In Sloan v. Commissioner, T.C. Memo. 2016-115, the U.S. Tax Court refused to apply transferee liability under Section 6901 to make a taxpayer who sold company assets to a third party liable for the third party’s tax liability. The court reached this conclusion even though there was some indication that the taxpayers’ advisers knew that the third party was interested in buying the business as part of a tax savings strategy.
Facts & Procedural History
The taxpayer was in the media and broadcasting industry.
The taxpayers were two trusts that owned Slone Broadcasting. Slone Broadcasting operated several radio stations in Tucson.
On July 2, 2001, Slone Broadcasting sold its assets to Citadel Broadcasting Co. (Citadel) for $45 million, which resulted in an estimated combined Federal and Arizona income tax liability of approximately $15 million.
Slone Broadcasting then became a holding company that did not conduct any business. Mr. Sloan’s CPA received several letters from Fortrend, a private investment/merchant-banking group, which proposed to purchase Slone Broadcasting.
Mr. Sloan’s CPA hired a tax attorney to investigate the transaction for Mr. and Mrs. Sloan.
The CPA and tax attorney knew that Fortend had a strategy to reduce income taxes, but were not provided details about the strategy. They were told that the strategy was proprietary.
They were also told that Berlinetta, Inc. (Berlinetta), an entity created by Fortrend that would acquire the shares, had not engaged in any transaction that would be deemed a “listed transaction” pursuant to Notice 2001-51, 2001-2 C.B. 190.
The parties agreed to a purchase price of $35,753,000 plus Berlinetta’s assumption of Slone Broadcasting’s Federal and State income taxes owed as of the closing date.
The tax attorney then wrote a memorandum describing Fortrend’s plan to offset the gains from the asset sale by contributing high basis/low value assets to Berlinetta in a Section 351 transaction and selling those assets at a loss before the end of 2001.
The sale closed and Slone Broadcasting changed its name to Arizona Media.
The IRS audited Arizona Media’s tax return and Arizona Media agreed to a tax adjustment.
Arizona Media failed to pay the assessed tax, penalty, and interest.
The IRS asserted that the taxpayer trusts and Mr. and Mrs. Sloan were liable for the tax based on trustee liability.
The U.S. Tax Court concluded that the taxpayer trusts and Mr. and Mrs. Sloan were not liable for the tax, as the sale was a legitimate transaction.
The appeals court remanded the case back to the U.S. Tax Court to apply the transferee liability tests for Section 6901. The court described the law as follows:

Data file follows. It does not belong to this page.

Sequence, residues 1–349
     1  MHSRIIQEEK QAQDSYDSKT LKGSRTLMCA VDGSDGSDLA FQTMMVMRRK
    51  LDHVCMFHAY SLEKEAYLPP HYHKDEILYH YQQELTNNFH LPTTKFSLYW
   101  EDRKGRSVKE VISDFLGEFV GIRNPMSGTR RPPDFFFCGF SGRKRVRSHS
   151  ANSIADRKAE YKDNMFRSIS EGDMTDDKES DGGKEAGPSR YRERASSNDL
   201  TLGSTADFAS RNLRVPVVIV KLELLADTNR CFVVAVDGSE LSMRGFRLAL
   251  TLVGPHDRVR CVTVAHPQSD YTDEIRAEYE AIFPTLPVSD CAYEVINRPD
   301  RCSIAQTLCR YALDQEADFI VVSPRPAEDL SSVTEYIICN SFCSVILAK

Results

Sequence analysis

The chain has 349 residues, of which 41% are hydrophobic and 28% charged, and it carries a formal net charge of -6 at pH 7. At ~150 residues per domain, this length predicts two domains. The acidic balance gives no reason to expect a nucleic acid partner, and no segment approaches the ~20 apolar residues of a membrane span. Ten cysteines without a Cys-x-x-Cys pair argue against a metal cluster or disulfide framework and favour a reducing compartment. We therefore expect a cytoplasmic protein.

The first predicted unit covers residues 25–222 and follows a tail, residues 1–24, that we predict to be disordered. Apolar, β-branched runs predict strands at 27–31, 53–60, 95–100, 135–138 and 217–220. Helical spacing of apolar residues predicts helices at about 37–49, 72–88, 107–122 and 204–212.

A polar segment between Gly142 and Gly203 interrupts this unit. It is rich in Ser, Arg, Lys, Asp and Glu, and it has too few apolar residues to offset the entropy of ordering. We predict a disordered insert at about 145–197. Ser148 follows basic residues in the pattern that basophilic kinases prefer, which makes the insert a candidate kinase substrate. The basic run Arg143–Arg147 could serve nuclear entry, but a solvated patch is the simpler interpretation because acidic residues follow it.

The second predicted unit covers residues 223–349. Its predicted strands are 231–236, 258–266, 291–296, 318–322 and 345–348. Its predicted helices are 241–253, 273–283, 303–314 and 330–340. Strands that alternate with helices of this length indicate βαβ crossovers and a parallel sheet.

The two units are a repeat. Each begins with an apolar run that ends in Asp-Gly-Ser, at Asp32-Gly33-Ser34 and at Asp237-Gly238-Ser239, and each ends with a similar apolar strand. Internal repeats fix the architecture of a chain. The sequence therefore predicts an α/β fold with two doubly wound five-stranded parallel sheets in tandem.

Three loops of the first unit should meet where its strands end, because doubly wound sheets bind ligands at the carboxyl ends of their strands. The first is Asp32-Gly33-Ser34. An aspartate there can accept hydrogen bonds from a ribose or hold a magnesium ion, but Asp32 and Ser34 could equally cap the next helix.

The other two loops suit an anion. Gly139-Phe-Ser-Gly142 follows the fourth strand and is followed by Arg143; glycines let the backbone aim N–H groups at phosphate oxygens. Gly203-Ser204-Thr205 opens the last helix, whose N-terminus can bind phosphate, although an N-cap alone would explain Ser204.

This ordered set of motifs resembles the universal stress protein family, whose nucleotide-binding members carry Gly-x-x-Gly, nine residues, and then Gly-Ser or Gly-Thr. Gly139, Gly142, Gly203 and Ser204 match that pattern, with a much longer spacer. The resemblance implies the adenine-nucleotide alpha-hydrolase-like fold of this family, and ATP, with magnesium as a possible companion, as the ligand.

The first prong is satisfied if the party is a “transferee” under section 6901 and Federal tax law. The second prong is satisfied if the party is “substantively liable for the transferor’s unpaid taxes under state law”. Salus Mundi Found. v. Commissioner, 776 F.3d 1010, 1018 (9th Cir. 2014), rev’g and remanding T.C. Memo. 2012-61. Both prongs must be satisfied in order for liability to be imposed on a transferee. See Commissioner v. Stern, 357 U.S. at 44-45. Respondent has the burden of proving that petitioners are liable as transferees, but he does not have the burden of proving that the taxpayer is liable for the tax. See sec. 6902(a); Rule 142(d).
The court addressed the second prong, concluding that the taxpayers were not liable for Fortend’s unpaid taxes under Arizona law. The court considered Arizona’s Uniform Fraudulent Transfer Act (UFTA) laws.
Under Arizona law, the court concluded that the IRS must prove that the taxpayers had actual or constructive knowledge of the entire scheme in order for the asset sale to be recast as a liquidating distribution.
The court concluded that the taxpayers did not have this knowledge. This was based in part on Fortend not providing details about its tax strategies to the taxpayers or their advisers. This was also based on the idea that not all tax planning strategies are bad, citing prior case law:
“[T]here are legitimate tax planning strategies involving built-in gains and losses and * * * it was not unreasonable, in the absence of contradictory information, for the representatives to believe that the buyer had a legitimate tax planning method.”
The court also considered Arizona’s UFTA constructive fraud provision. This provides that a transfer by a debtor is fraudulent as to a creditor whose claim arose before the transfer was made if the debtor made the transfer without receiving reasonably equivalent value in exchange and was insolvent at that time or became insolvent as a result of the transfer.
The court noted that no transfer was made by Sloan Broadcasting, the debtor, the UFTA constructive fraud provision did not apply. The court went on to consider the factors set out in the UFTA, concluding that they did not establish constructive fraud.
As a result, there was no transferee liability under Section 6901. The court held that the taxpayers were not liable for the tax liability agreed to by the IRS and Fortend.